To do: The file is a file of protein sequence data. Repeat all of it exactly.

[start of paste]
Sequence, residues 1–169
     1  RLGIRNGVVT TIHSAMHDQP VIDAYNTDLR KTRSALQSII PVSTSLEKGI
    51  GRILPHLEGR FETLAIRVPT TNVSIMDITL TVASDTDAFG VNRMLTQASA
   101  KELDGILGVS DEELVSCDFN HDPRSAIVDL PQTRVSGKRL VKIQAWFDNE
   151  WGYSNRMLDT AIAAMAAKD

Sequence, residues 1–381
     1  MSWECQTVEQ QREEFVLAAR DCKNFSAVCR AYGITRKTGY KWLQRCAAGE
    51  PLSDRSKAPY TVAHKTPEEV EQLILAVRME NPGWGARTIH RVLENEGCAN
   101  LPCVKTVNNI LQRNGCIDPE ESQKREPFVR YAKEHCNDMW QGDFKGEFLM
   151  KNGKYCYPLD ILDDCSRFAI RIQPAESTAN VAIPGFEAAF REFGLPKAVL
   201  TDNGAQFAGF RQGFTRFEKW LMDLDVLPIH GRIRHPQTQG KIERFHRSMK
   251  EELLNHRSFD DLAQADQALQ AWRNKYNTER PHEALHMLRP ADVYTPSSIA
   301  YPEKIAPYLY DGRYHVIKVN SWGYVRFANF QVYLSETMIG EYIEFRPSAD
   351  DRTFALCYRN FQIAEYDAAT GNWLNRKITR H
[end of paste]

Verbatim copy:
Sequence, residues 1–169
     1  RLGIRNGVVT TIHSAMHDQP VIDAYNTDLR KTRSALQSII PVSTSLEKGI
    51  GRILPHLEGR FETLAIRVPT TNVSIMDITL TVASDTDAFG VNRMLTQASA
   101  KELDGILGVS DEELVSCDFN HDPRSAIVDL PQTRVSGKRL VKIQAWFDNE
   151  WGYSNRMLDT AIAAMAAKD

Sequence, residues 1–381
     1  MSWECQTVEQ QREEFVLAAR DCKNFSAVCR AYGITRKTGY KWLQRCAAGE
    51  PLSDRSKAPY TVAHKTPEEV EQLILAVRME NPGWGARTIH RVLENEGCAN
   101  LPCVKTVNNI LQRNGCIDPE ESQKREPFVR YAKEHCNDMW QGDFKGEFLM
   151  KNGKYCYPLD ILDDCSRFAI RIQPAESTAN VAIPGFEAAF REFGLPKAVL
   201  TDNGAQFAGF RQGFTRFEKW LMDLDVLPIH GRIRHPQTQG KIERFHRSMK
   251  EELLNHRSFD DLAQADQALQ AWRNKYNTER PHEALHMLRP ADVYTPSSIA
   301  YPEKIAPYLY DGRYHVIKVN SWGYVRFANF QVYLSETMIG EYIEFRPSAD
   351  DRTFALCYRN FQIAEYDAAT GNWLNRKITR H